About Robert Cornelius
We are absolutely ecstatic to introduce and welcome Robert Cornelius to Phlearn.com for an interview. 🙂
Robert Cornelius is a Photographer and digital artist based in Lebanon, PA.
Before working in the field of photography, Cornelius explored many different types of art including; painting, drawing, sculpting, singing, acting, dancing, you name it! With so much experience with art already, it’s no wonder every photograph looks like a masterpiece.
A profesional photographer since 2008, a Photoshop user since 2003, Cornelius explains his work by saying, “I don’t “capture moments” or “save memories” – I prefer to CREATE them instead. I’m a photographer, but I am nothing without my magical photoshopping powers.”
Please join us for this fantastically informative interview with Robert Cornelius. He tells us about some technical disasters, his favourite artists, he gives us a good look into his creative process with before/after photos and videos, and seriously so much more!
You definitely don’t want to miss this one.
“For an intense composite it could take 40 to 50 hours or more…I have a problem. “Hi, my name is Robert and I’m a Photoshop addict.””
– Robert Cornelius | Phlearn Interviews Robert Cornelius
First, please tell us how did this begin? How did you become interested in photography?
Even as a small child I loved to borrow my Mom’s first dinosaur of a digital camera and go on “photo adventures.” I’d just wander off somewhere and take pictures of whatever I found interesting. When I was ten my parents got me a digital movie creator camera kit for Christmas that would shape the rest of my life. It was called the “Digital Blue” and it recorded 2 minutes of TERRIBLE quality footage before you had to dump it onto the computer, and it came with a rudimentary editing system. I was in love. Suddenly movie-making took up ALL of my free time. So I’ve been telling stories and capturing images for most of my life, really. I’ve always loved creating characters and unraveling fantastical tales for my audience. I still love making movies and will probably dip my toe back into that pool again some day, but ever since I bought my first DSLR just after college, my brain has revolved around still images.
Do you have any formal training in photography or are you self-taught? If you are self-taught what methods did you find worked best for your style of learning?
I’d like to select “(D) All of the above.” My high school did have a small darkroom, so I was able to spend a little time in there. Unfortunately, being a relatively tiny high school, supplies were majorly limited; we only really learned the basic steps of taking and developing pictures. I still loved every minute of it…I just wanted more minutes. As I mentioned above, my digital movie kit did shape the rest of my life because I eventually ended up going to college at Full Sail University to study filmmaking. I only had one photography class, but it was AMAZING!!! Full Sail has the largest darkroom in America and I definitely put it to good use. I was in there as often as I was allowed to be, and I guess it showed because at graduation I received the Course Director’s Award for Photography. I should have known then that filmmaking would take a back seat. Even though I did have some training, most of my current techniques were formed by just trying things.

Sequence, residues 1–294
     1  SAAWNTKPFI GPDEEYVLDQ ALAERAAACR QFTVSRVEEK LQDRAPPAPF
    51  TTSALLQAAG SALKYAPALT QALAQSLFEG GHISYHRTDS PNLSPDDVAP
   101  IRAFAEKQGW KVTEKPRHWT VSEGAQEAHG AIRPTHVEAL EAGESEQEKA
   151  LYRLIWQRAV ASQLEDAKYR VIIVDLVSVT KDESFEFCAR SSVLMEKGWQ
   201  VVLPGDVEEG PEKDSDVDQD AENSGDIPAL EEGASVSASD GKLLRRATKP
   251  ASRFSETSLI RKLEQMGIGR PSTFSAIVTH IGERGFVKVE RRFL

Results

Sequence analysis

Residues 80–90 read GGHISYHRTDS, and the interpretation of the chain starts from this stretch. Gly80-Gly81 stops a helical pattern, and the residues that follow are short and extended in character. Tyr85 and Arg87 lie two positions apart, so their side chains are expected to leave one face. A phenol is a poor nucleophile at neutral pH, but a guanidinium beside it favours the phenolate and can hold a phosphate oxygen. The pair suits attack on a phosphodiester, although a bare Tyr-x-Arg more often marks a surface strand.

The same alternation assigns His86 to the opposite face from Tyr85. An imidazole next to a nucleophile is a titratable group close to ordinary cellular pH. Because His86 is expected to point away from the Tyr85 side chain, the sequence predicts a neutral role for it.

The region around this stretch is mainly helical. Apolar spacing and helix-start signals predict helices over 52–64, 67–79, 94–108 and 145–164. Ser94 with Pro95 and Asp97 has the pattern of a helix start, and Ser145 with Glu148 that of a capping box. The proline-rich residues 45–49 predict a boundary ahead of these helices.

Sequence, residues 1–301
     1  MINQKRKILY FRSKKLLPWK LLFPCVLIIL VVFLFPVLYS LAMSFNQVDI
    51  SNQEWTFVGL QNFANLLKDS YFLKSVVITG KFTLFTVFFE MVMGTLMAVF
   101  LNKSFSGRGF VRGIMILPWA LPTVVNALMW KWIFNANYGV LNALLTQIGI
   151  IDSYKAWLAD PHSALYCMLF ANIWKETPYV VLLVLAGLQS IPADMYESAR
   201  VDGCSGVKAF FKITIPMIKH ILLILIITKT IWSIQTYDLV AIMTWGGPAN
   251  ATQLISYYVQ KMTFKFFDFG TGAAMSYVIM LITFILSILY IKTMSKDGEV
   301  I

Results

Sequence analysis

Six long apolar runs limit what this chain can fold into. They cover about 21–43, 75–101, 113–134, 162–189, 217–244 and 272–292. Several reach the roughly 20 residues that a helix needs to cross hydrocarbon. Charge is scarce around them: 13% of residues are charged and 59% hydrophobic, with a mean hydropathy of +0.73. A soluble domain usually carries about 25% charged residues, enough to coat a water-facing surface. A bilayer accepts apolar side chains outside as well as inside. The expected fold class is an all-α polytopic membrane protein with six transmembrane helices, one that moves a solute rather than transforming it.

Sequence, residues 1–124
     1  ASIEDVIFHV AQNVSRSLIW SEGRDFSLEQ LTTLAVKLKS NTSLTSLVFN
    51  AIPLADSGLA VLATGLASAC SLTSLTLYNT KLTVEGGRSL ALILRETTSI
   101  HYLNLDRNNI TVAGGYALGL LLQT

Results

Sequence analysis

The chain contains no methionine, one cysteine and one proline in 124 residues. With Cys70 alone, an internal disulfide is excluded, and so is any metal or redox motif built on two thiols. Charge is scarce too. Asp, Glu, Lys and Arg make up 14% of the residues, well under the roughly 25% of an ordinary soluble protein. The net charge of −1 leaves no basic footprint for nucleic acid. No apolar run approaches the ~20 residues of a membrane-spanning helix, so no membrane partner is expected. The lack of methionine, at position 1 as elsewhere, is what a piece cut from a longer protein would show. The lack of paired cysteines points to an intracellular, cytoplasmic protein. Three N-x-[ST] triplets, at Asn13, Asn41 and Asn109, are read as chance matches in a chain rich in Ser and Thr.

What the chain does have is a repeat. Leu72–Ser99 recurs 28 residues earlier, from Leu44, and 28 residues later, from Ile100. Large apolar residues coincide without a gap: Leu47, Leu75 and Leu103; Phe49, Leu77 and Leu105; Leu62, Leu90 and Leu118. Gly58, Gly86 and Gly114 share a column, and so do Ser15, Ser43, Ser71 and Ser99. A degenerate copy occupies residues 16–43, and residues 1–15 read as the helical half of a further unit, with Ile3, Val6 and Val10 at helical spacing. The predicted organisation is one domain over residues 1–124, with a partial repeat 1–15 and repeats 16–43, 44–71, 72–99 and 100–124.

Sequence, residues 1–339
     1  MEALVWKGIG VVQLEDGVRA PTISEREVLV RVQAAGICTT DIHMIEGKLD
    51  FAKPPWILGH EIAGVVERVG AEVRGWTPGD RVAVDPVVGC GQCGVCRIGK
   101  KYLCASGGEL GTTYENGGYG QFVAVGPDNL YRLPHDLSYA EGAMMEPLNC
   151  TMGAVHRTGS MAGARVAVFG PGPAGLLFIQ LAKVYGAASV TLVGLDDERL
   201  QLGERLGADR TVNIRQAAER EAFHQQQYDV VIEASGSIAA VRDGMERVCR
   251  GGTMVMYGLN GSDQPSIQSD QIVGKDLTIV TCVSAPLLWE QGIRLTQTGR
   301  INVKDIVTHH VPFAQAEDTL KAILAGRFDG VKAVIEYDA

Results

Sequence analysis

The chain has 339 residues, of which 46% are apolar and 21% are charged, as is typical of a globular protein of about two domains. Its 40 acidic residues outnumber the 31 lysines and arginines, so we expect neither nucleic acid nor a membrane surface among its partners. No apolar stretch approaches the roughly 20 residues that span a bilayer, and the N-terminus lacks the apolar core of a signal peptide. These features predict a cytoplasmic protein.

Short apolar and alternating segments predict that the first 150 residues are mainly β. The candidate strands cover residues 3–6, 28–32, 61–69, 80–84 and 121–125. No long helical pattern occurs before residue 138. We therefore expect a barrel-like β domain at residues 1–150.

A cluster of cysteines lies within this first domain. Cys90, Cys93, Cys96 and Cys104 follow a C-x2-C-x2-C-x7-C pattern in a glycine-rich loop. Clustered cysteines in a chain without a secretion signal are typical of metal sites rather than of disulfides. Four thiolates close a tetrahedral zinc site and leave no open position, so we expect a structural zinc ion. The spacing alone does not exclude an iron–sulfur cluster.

Before photography did you participate in creating any other types of art? (music, writing, painting, drawing etc)
When I was growing up my parents owned and operated a pizza restaurant centrally located in the middle-of-nowhere-Amish-
As you said in your biography on your website: “I’m a photographer but I am nothing without my magical Photoshop powers.” So I take it Photoshop is important to your works? 😛 😉
Nope, all of my images are straight out of the camera…..Bahahahahaha. Uhhhm yeah, my portfolio simply would not exist if it wasn’t for the glorious and powerful program that is Adobe Photoshop. The way it allows me to cut, paste, paint, and meld images together in such a precise way unlocks a whole lot of potential images that I just couldn’t make happen without it.
I always say that I like to create work that dances somewhere along the line between a photograph and a digital painting, and I must say I do a heck of lot of “painting” in Photoshop to achieve that.
Tell us about your creative process. When conceptualizing ideas for photo shoots do you like to sketch, write, etc? (If so could we see a sketch?!)
Most of my creative process begins in the “notes” app on my phone. I’ll randomly have an image pop into my head and immediately jot down some details, usually while I’m doing something like running when my mind is free to wander – that’s where most of my hardcore imagining takes place. Later, when I want to shoot and need an idea I’ll read through my notes and pick one to flesh out and bring to life. Some of the images come out almost exactly as I had imagined them originally, while others change drastically. For example I have a note that says, “Guy in hazmat suit floating in darkness. Feet a bit higher than head. Reaching for molecular ball of green light nucleus sorta thing. Light is pouring between spread fingers.” That note turned into my piece called “The Collector.”
My image “Fight or Flight” definitely wasn’t as much of an exact translation, but you can see where it started. The original note reads, “Profile shot of guy jumping out of wall of smoke. Ninja-like. Perhaps with a weapon. Wearing some sort of black cloak.”
The closest thing I have to a pre-sketch that I could show you is actually a digital painting I started, but quit because I decided I wanted to shoot it as a photo instead.